High sales in summer: fuel price brake fueled demand for petrol

With the cuts in energy tax known as the "fuel price brake", the federal government wanted to relieve drivers in the summer.

High sales in summer: fuel price brake fueled demand for petrol

With the cuts in energy tax known as the "fuel price brake", the federal government wanted to relieve drivers in the summer. Apparently, this boosted demand during this period. At other times, however, fuel deliveries fell sharply.

In the summer months, when the so-called fuel price brake applied, significantly more petrol was delivered in Germany. The domestic deliveries recorded by the Federal Office of Economics and Export Control - mostly at petrol stations - were 4.86 million tons from June to August. That is significantly more than in the same period of the past two years and even exceeds the pre-corona values ​​by around 100,000 tons. In the months before and in September, on the other hand, the values ​​were well below the pre-crisis level.

The phase of particularly high domestic deliveries of gasoline coincides with the period of temporary tax cuts on fuel. A connection is not proven, but very obvious. From March to May, in the first few months of the extreme increase in fuel prices in the wake of the Ukraine war, deliveries of 4.02 million tons were around 500,000 tons below the pre-crisis values ​​in the comparable period. Also in September - i.e. after the tax cut - the values ​​​​at 1.37 million tons of gasoline were well below the pre-Corona values. Data for October and November are not yet available.

In line with the lower deliveries, the price of petrol also fell almost continuously in September. At the beginning of the month it was just over EUR 2.02 for a liter of Super E10, but by the end it was just under EUR 1.88. Here too, however, the following applies: A connection is obvious, but not certain. Among other things, the price of oil fell over the course of the month. In addition, a tax law detail may have played an important role in the lower September deliveries: the mineral oil tax is not due when selling at the pump, but when it is delivered to the gas station. This made it attractive for operators to fill their warehouses again at the end of August at the reduced tax rate if possible.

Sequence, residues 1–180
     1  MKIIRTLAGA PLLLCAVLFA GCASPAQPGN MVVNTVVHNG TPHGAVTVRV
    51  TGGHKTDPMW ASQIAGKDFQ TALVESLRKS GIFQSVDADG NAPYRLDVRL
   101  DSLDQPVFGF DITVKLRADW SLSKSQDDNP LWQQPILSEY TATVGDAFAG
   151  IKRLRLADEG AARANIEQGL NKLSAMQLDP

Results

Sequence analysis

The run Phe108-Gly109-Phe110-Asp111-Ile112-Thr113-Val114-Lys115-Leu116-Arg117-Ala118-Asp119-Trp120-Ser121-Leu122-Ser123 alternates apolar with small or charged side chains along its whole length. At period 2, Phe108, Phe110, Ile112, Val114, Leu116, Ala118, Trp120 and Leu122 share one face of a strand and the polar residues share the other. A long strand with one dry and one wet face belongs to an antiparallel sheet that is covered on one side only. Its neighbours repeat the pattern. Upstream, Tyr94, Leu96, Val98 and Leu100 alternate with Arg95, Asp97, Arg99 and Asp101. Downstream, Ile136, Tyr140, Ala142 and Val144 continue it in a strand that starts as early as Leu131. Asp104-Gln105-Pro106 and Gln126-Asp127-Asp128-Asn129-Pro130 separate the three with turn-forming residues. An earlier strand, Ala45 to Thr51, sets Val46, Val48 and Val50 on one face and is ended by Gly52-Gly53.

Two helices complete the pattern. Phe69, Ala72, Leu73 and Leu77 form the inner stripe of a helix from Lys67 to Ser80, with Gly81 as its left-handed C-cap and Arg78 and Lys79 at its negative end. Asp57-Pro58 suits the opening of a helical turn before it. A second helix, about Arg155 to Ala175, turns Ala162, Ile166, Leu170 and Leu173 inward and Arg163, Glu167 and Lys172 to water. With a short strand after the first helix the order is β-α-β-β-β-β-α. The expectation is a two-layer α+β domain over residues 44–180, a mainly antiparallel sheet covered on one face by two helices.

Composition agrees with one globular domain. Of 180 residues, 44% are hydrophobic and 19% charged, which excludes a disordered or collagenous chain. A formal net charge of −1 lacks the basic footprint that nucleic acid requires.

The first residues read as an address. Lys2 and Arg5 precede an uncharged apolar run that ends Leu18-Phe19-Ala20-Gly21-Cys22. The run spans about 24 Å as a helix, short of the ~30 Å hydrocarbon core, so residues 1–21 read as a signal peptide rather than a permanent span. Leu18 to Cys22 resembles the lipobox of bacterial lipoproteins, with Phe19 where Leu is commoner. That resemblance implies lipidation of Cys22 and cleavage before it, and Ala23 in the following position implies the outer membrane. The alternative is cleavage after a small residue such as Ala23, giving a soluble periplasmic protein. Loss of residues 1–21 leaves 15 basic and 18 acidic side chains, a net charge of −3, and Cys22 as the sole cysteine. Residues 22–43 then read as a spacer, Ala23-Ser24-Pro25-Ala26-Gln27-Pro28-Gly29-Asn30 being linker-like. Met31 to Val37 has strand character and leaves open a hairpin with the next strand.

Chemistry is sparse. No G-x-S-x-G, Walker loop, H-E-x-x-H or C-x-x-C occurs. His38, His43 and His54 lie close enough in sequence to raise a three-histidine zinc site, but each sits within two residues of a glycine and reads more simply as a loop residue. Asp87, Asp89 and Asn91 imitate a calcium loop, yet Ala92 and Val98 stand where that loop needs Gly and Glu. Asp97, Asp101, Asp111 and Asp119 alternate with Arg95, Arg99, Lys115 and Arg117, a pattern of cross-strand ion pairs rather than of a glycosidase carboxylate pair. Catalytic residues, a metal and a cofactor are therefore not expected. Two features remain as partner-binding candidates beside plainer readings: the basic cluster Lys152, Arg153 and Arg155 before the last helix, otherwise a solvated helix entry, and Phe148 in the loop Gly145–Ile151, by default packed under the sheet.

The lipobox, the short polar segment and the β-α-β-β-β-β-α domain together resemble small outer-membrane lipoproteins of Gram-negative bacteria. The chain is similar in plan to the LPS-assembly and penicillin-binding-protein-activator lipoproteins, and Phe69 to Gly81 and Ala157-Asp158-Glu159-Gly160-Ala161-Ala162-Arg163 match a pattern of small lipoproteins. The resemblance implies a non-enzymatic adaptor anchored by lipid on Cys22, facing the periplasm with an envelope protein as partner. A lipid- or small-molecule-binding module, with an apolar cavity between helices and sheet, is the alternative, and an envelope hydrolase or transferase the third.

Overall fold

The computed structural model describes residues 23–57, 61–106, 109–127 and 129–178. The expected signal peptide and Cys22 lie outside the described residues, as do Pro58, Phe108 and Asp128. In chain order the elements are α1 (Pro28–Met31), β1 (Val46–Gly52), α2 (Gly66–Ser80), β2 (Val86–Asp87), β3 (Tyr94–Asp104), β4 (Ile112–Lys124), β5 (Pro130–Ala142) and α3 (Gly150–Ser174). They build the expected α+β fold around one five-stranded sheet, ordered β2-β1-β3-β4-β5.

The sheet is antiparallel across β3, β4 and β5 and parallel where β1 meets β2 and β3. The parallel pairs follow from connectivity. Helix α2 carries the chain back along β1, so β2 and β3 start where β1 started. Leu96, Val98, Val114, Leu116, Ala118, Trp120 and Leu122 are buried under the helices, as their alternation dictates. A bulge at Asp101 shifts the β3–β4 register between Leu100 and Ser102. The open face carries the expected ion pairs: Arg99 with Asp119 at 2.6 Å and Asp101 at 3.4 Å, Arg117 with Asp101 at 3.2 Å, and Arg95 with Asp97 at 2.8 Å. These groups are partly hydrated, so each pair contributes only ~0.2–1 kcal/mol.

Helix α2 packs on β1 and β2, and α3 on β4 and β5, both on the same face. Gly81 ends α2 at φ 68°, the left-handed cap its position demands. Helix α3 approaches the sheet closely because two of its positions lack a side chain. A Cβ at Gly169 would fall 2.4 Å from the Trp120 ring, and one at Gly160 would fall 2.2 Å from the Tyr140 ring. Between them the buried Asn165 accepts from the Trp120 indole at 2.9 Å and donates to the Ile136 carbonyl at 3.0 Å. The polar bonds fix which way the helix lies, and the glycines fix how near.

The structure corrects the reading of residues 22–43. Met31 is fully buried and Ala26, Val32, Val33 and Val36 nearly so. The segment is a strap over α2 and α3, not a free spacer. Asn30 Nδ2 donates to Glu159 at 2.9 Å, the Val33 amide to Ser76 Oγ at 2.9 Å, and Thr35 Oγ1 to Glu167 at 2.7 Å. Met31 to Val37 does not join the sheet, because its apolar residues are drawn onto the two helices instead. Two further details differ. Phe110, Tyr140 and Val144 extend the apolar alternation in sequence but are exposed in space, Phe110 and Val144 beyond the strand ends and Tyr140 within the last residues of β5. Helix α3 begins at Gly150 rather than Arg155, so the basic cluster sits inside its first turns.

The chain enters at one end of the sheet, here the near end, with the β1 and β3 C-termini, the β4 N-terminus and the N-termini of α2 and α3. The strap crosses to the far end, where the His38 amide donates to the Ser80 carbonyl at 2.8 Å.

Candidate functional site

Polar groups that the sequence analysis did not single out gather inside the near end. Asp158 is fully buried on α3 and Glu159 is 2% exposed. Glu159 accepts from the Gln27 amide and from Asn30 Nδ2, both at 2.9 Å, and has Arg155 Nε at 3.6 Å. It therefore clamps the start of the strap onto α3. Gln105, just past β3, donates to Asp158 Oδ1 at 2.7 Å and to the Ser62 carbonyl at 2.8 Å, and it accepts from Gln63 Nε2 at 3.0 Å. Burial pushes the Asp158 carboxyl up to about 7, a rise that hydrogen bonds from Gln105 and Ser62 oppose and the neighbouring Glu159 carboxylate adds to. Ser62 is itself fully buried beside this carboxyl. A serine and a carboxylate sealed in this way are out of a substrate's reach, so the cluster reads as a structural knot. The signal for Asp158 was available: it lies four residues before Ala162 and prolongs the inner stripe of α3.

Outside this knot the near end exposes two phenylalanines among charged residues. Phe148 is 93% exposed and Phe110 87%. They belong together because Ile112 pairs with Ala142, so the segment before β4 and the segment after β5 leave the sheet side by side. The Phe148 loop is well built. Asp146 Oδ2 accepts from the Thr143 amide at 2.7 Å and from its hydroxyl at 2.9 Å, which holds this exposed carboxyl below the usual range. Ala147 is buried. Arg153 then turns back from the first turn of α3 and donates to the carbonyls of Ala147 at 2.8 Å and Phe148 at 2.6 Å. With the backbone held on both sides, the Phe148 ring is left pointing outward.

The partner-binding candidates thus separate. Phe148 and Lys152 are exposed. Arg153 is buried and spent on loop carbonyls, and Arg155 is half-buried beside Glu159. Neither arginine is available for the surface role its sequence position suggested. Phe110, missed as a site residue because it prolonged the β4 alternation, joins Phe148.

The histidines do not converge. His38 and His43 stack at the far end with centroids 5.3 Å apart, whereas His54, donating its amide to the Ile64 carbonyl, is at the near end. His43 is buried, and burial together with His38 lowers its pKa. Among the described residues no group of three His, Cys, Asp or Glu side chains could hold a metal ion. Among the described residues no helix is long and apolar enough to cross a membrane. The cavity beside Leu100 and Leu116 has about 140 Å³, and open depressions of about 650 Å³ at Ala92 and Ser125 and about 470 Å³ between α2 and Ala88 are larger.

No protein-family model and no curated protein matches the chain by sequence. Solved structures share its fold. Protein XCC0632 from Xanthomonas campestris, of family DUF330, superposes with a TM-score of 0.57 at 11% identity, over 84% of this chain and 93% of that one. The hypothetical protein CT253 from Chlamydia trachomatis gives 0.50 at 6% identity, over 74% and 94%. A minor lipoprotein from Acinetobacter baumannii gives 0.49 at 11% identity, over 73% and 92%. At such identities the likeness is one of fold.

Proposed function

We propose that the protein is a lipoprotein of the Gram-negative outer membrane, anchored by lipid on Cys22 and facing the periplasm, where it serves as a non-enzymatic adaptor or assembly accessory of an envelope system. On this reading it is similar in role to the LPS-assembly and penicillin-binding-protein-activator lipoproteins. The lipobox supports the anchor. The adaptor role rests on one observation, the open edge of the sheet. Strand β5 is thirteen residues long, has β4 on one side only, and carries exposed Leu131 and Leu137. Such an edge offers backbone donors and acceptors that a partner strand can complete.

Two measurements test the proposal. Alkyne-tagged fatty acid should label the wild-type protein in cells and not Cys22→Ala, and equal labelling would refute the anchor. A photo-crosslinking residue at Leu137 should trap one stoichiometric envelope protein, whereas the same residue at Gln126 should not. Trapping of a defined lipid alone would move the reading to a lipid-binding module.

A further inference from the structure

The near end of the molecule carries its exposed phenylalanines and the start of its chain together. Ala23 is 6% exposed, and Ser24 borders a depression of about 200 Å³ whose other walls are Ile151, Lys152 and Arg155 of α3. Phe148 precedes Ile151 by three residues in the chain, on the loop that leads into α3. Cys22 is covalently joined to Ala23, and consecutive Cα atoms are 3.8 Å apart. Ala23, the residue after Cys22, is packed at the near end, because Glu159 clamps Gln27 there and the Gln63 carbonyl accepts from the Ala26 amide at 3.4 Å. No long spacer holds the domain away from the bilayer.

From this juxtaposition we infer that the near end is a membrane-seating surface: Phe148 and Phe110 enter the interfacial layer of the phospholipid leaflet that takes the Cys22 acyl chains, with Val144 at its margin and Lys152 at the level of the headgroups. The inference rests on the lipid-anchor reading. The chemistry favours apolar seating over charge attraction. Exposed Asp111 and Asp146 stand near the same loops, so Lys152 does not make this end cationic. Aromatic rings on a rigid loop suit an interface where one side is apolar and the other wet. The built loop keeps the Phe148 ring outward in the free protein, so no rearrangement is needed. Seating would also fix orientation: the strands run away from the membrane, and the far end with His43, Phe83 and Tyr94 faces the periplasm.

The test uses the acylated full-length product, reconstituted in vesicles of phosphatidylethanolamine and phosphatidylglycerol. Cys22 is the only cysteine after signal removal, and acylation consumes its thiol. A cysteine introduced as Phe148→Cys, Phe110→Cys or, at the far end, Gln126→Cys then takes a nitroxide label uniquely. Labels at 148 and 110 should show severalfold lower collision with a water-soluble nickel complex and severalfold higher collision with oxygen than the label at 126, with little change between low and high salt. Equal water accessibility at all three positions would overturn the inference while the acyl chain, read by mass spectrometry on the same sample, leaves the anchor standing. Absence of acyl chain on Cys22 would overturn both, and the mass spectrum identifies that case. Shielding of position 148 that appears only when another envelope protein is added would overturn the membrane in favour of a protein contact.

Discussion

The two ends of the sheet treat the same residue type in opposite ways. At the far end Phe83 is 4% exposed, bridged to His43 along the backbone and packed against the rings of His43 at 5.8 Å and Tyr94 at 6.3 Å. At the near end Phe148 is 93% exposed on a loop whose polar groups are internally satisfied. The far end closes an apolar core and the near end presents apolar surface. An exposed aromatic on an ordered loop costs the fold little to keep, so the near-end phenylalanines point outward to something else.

Accordingly, they needed fewer deliveries in September. There had already been a similar shifting effect when the tax cuts began. At that time, it was attractive for operators to no longer be supplied in May but only in June. However, August stands out particularly clearly with a delivery volume of 1.71 million tons - both in the current year and in comparison to previous years.

In the case of diesel, particularly high deliveries can also be observed in August of this year - and particularly low values ​​in May and September. Overall, however, there is no clear effect that is comparable to that of petrol. On the one hand, it could be noticeable that the tax reduction for diesel, which is already taxed lower, was only half as high as for petrol. In addition, a large part of the fuel is consumed by trucks - economic effects usually play a greater role here than with petrol.

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